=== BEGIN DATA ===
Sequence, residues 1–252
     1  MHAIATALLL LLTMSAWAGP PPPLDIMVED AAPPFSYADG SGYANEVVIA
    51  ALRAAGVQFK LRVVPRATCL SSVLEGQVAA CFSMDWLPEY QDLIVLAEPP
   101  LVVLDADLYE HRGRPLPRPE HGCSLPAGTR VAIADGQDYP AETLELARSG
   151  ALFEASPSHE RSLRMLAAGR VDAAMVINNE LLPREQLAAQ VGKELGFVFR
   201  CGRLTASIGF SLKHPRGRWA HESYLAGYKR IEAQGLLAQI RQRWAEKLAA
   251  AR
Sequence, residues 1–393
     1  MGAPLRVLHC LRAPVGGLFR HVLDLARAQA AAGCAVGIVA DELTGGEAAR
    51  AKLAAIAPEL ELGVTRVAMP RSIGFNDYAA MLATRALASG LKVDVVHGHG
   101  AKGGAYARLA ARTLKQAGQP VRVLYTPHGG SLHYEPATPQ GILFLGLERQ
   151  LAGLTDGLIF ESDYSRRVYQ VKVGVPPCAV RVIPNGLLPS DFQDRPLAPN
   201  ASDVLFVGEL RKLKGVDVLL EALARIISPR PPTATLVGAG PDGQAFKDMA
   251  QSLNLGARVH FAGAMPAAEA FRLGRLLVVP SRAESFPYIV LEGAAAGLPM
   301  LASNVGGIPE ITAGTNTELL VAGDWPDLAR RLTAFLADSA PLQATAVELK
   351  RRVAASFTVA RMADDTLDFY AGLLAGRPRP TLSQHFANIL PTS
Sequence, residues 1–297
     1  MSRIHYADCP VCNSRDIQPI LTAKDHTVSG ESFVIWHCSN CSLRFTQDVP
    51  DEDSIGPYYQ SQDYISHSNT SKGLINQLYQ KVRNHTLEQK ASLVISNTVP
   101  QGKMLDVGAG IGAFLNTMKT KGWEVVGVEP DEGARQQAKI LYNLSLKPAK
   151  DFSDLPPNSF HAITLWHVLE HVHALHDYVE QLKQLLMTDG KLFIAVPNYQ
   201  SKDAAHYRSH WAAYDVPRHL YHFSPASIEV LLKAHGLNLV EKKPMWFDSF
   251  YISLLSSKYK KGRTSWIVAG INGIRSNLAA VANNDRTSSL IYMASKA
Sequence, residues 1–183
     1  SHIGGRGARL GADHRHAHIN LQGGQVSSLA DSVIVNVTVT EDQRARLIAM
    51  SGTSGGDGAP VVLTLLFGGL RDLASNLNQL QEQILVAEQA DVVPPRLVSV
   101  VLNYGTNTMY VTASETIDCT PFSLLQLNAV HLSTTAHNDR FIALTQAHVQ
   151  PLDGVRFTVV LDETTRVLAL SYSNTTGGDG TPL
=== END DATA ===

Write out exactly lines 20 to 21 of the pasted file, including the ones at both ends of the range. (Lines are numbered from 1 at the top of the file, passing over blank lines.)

   101  QGKMLDVGAG IGAFLNTMKT KGWEVVGVEP DEGARQQAKI LYNLSLKPAK
   151  DFSDLPPNSF HAITLWHVLE HVHALHDYVE QLKQLLMTDG KLFIAVPNYQ